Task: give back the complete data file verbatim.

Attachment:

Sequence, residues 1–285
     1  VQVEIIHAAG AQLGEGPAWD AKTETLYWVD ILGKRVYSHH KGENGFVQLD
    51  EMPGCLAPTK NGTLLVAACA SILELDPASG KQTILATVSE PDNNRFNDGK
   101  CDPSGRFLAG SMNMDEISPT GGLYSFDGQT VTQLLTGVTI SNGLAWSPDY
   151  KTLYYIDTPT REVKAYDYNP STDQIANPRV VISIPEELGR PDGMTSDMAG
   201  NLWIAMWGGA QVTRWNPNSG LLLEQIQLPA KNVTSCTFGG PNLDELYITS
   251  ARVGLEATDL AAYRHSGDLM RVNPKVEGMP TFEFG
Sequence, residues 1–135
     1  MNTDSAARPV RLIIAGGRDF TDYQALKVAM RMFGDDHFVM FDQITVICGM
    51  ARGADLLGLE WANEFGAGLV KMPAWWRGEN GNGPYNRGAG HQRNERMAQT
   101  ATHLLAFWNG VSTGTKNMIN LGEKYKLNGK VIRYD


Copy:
Sequence, residues 1–285
     1  VQVEIIHAAG AQLGEGPAWD AKTETLYWVD ILGKRVYSHH KGENGFVQLD
    51  EMPGCLAPTK NGTLLVAACA SILELDPASG KQTILATVSE PDNNRFNDGK
   101  CDPSGRFLAG SMNMDEISPT GGLYSFDGQT VTQLLTGVTI SNGLAWSPDY
   151  KTLYYIDTPT REVKAYDYNP STDQIANPRV VISIPEELGR PDGMTSDMAG
   201  NLWIAMWGGA QVTRWNPNSG LLLEQIQLPA KNVTSCTFGG PNLDELYITS
   251  ARVGLEATDL AAYRHSGDLM RVNPKVEGMP TFEFG
Sequence, residues 1–135
     1  MNTDSAARPV RLIIAGGRDF TDYQALKVAM RMFGDDHFVM FDQITVICGM
    51  ARGADLLGLE WANEFGAGLV KMPAWWRGEN GNGPYNRGAG HQRNERMAQT
   101  ATHLLAFWNG VSTGTKNMIN LGEKYKLNGK VIRYD